What does crossing the street in Cuenca teach us about the expat lifestyle? How can attitudes about “gringo prices” predict success or failure at adjusting to the Ecuador culture? Why is it so hard to get an accurate weather forecast for Cuenca? Who might be your biggest stumbling block to expatriating (hint: You probably share a bedroom with him or her). Where do you go to shop like a local?
These are some of the questions answered in a new book by Cuenca expats David Morrill and Deke Castleman.
Published by Gringo Tree Publications, Expats in Ecuador: Life in Cuenca is the first full-length book about expatriating to and living in Cuenca. The eBook edition goes on sale tomorrow. at GringoTree.com.
Co-author David Morrill has lived in Cuenca for nine years and has written for dozens of publications and websites about Ecuador; he’s also the author of Ecuador: The Owner’s Manual. Morrill moved to Cuenca from Florida, where he was a newspaper columnist and book reviewer, and a partner in an advertising and public relations firm.
Morrill’s particular fascination is how expats communicate with one another and how information is passed around.
“The challenge in Cuenca, or, for that matter, anywhere else with expats who aren’t fluent in the native language, is determining the difference between reliable and unreliable information. There’s a high degree of dependence on word of mouth for everyday communication. I often think that the expat community fits anthropologist Margaret Mead’s definition of a ‘pre-literate society.’”
For those thinking of becoming expats, according to Morrill, the problem is often too much information.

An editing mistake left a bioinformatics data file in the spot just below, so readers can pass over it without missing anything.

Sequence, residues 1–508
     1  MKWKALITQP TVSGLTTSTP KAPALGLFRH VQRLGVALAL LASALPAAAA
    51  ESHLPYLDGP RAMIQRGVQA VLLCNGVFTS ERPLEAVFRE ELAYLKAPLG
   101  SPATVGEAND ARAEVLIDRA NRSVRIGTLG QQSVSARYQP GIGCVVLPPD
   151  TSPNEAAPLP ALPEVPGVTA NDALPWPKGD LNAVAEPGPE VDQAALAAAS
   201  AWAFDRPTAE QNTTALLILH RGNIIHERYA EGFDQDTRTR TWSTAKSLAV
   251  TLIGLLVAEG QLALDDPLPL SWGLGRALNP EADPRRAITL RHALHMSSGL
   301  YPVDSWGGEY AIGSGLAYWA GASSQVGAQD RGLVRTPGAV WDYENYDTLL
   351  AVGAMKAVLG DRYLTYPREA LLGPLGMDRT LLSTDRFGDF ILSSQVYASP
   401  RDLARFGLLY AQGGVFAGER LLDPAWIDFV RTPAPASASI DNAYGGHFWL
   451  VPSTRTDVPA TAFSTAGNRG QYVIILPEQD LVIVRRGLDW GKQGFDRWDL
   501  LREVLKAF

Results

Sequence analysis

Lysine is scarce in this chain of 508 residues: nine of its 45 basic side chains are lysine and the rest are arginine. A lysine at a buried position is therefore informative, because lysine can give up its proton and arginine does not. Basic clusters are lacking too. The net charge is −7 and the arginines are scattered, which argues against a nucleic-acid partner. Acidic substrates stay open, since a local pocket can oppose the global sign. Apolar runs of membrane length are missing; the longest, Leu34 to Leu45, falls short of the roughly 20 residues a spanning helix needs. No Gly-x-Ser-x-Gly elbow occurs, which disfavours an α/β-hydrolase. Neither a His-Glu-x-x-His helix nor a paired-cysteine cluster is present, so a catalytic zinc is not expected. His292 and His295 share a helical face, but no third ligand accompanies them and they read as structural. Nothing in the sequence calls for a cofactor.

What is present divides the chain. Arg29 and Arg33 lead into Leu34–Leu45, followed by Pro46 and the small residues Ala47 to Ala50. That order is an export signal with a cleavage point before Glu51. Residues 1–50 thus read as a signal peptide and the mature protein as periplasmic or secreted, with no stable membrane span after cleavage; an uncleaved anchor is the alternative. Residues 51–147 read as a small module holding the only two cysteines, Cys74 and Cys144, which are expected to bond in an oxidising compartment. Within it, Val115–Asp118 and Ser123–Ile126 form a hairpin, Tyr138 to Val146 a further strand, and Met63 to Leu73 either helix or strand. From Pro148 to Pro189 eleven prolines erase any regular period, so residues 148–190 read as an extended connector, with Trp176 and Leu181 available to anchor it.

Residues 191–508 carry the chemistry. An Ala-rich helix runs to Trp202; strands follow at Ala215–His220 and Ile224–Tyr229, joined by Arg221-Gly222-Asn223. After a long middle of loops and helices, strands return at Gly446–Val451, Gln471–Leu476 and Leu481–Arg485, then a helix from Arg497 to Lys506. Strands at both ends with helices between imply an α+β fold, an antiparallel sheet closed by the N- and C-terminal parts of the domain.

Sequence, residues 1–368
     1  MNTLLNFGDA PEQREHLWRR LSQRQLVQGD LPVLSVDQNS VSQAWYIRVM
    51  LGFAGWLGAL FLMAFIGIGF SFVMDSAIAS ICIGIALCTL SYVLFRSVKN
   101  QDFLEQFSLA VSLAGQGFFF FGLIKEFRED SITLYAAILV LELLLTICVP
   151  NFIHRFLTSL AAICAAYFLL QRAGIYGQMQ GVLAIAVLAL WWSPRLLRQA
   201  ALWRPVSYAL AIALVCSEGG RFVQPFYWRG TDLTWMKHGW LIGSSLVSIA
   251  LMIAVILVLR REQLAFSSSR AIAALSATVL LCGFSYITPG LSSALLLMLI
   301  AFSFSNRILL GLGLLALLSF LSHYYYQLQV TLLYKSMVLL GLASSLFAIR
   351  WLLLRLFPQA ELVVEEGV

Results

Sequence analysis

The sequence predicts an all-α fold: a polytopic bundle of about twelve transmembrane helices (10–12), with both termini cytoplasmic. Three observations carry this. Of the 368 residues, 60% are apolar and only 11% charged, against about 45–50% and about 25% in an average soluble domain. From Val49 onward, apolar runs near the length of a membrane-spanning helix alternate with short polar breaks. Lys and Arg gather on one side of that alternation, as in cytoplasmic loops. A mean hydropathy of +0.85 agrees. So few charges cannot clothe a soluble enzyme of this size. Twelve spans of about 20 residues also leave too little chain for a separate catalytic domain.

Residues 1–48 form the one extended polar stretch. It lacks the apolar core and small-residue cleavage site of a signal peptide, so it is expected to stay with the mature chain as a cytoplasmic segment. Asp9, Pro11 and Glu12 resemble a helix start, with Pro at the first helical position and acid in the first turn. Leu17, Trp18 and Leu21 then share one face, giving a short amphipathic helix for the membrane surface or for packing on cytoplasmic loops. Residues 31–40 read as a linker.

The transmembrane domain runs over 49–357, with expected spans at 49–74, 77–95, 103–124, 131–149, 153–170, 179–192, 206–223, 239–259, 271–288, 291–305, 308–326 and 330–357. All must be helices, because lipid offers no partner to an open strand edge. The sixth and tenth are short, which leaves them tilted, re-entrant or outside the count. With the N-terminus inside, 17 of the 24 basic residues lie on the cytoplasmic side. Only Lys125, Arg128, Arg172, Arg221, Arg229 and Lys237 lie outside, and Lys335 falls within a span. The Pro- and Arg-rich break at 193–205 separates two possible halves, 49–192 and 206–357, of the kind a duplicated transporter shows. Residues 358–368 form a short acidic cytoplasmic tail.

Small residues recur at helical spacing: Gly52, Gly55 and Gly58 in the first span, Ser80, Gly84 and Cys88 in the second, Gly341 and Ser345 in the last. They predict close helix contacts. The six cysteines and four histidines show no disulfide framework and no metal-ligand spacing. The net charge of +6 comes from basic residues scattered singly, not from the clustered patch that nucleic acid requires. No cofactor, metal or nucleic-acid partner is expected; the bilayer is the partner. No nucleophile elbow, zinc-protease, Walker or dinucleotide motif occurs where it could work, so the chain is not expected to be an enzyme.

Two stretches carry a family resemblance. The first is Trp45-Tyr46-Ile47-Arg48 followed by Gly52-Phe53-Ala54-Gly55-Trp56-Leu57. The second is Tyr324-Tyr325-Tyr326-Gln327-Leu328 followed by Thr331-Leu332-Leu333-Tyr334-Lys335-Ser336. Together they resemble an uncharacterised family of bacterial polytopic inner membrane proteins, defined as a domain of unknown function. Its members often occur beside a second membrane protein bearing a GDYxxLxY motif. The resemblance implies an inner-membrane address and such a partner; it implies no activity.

“Given Cuenca’s high profile among international expat destinations, the Internet abounds with stories about the city. Much of it is pure hype and the challenge, especially for people who don’t live here, but also for people who do, is to separate the wheat from the chaff.”
According to Morrill, Expats in Ecuador: Life in Cuenca is full of useful examples of how to recognize what’s true or false, or how to navigate what the book calls the “information rumor highway.”
Co-author Deke Castleman agrees, adding, “Our focus in the book is on the cultural background about why things are the way they are here, how they work, or don’t work. We want to give our readers the tools to figure things out for themselves.”
Castleman, a long-time travel writer and editor, is the managing editor of GringoTree.com, Cuenca’s clearinghouse for all things expat. “The book isn’t just what Dave and I have to say. Within the pages are also the voices of scores of GringoTree contributors who continually provide us with a gold mine of reliable information.”
Life in Cuenca examines who expatriates to Cuenca and why; cost-of-living data based on a survey of nearly 250 Cuenca expats; the destiny of the dollar in Ecuador; infrastructure and transportation issues; the surprisingly low impact of gringos on the greater culture; the definite downsides of life in Cuenca; resources for prospective expats and connecting with current expats at the Gringo haunts; and much more.
“Above all, we tried to capture how it feels to live in Cuenca,” says Castleman, “the frustration and fulfillment, the trials and triumphs.”
“Reading this book,” Morrill adds, “is the next best thing to actually making the move to Cuenca.”
To buy Expats in Ecuador: Life in Cuenca, click here.
Cutlines: Cuenca expats Deke Castleman (top) and David Morrill
Contact Sylvan Hardy at SylvanHardy@gmail.com.